Oregon Attorney General Ellen Rosenblum filed a lawsuit in December 2019 against Johnson & Johnson, alleging that the company deceptively marketed its pelvic mesh devices. The suit, filed in Multnomah County, also named Johnson & Johnson subsidiary Ethicon. The suit alleges that the company deceptively marketed the devices by failing to disclose dangerous complications that could result from the use of the surgical mesh. Close to 4,000 women in Oregon used pelvic mesh without being aware of the dangers it posed.
What is Pelvic Mesh?
Pelvic mesh, or transvaginal mesh, is a surgical implant that is used to treat pelvic organ prolapse and urinary incontinence. It is a net-like device that is used to repair weakened or damaged tissue. These devices are typically manufactured using a plastic called polypropylene.
Marketed as Safe
Johnson & Johnson marketed pelvic mesh as minimally invasive and with minimal risk. However, for some women, the use of the device caused serious complications such as pain, mesh breakdown, organ perforation, bleeding, sexual dysfunction, and urinary problems. In some cases, women have had to undergo additional surgeries to correct problems caused by the pelvic mesh and these complications seriously impacted the quality of life for these women. Johnson & Johnson continued marketing their product as safe, even after receiving complaints from doctors and patients about these severe complications.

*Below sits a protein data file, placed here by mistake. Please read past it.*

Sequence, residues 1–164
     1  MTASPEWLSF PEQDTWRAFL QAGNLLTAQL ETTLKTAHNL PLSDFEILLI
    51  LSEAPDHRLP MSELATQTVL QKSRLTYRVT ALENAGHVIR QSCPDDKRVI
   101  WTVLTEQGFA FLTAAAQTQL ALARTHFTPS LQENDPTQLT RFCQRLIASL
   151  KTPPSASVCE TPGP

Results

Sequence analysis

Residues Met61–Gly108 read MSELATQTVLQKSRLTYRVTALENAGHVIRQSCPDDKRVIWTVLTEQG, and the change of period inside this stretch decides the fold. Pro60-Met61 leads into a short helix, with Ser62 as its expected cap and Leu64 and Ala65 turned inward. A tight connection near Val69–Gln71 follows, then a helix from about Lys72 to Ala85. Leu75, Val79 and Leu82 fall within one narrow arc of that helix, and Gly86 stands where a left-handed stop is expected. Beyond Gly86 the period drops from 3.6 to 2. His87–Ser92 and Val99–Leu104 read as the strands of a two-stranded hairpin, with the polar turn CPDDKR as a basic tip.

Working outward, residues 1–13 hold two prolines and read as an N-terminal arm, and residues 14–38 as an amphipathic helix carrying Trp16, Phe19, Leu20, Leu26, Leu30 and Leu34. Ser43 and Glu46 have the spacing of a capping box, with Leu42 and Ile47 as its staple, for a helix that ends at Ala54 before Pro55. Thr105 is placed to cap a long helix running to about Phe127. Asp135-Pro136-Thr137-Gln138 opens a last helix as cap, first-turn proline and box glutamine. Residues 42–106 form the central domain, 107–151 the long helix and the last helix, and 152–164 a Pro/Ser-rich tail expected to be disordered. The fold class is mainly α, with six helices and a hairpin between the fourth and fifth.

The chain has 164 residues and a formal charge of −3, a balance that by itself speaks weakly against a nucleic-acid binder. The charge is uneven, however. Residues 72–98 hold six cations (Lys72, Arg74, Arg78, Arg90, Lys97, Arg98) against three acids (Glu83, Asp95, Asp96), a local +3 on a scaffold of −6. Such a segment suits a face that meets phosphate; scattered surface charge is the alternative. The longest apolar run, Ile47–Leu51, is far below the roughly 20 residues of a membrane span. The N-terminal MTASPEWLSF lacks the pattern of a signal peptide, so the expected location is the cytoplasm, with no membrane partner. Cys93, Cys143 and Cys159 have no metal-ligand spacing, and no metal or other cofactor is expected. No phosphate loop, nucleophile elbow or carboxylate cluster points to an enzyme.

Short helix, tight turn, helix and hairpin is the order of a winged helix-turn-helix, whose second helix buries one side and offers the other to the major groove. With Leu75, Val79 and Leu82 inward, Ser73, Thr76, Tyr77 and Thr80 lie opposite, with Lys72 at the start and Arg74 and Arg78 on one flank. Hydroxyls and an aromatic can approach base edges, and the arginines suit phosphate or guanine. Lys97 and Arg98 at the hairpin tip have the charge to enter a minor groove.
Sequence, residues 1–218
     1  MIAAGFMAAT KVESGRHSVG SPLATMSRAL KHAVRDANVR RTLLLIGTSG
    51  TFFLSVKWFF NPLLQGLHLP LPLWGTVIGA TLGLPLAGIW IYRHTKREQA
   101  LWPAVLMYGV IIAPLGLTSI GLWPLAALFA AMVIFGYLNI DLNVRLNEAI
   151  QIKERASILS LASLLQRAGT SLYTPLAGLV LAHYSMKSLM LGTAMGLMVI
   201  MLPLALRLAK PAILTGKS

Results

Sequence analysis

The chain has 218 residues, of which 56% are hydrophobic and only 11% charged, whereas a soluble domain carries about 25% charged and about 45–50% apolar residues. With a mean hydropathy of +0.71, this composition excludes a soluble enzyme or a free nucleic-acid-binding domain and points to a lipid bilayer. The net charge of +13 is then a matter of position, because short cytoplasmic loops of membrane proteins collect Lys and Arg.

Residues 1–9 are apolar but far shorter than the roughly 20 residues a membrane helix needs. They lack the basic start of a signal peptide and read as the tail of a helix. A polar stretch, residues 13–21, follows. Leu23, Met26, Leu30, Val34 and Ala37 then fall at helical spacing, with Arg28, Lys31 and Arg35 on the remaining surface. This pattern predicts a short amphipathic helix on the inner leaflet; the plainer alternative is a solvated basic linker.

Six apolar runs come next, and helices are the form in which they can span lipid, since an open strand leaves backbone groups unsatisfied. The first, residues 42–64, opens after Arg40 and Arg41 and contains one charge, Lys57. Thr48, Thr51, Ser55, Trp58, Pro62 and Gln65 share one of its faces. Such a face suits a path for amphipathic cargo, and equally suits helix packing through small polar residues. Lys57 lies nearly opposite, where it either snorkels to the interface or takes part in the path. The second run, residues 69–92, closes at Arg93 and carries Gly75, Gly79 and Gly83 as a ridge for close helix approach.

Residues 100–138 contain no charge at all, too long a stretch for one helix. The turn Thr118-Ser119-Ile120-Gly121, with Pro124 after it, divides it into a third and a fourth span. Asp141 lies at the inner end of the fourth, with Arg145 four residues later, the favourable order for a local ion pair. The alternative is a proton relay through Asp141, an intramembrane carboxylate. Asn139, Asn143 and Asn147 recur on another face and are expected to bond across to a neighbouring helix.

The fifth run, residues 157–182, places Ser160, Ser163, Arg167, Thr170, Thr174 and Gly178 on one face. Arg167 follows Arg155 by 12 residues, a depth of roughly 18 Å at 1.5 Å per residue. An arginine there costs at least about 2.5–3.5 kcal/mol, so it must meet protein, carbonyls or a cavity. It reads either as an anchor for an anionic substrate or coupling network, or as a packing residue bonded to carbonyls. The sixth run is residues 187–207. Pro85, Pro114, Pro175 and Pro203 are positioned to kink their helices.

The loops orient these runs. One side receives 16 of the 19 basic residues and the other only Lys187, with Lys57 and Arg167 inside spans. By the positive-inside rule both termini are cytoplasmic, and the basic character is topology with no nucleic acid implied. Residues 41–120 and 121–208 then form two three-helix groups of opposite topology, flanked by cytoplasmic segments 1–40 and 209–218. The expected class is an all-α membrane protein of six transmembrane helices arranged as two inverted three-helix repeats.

Johnson & Johnson previously enter into a settlement for $117 million with 41 states and the District of Columbia over their deceptive marketing of pelvic mesh. In addition, a San Diego Superior Court judge in January of 2020 ordered Johnson & Johnson to pay almost $344 million in penalties finding that the company deceptively marketed its pelvic mesh products. Pelvic mesh has been at the heart of $8 billion in settlements between several manufacturers and tens of thousands of women.
After years of complaints, in 2019, the Food and Drug Administration (FDA) halted the sale of the product to treat a condition called organ prolapse. Johnson & Johnson had stopped the sale of that product for organ prolapse in 2012 but continued to sell a similar product for use in urinary incontinence cases.
Contact a Product Liability Attorney
If you’ve been injured by a defective product, you should have an experienced product liability attorney evaluate your case for free. Gregg Goldfarb has been helping the victims of dangerous products for over 20 years. Contact us online or call us at 305-374-7000 to schedule a free consultation.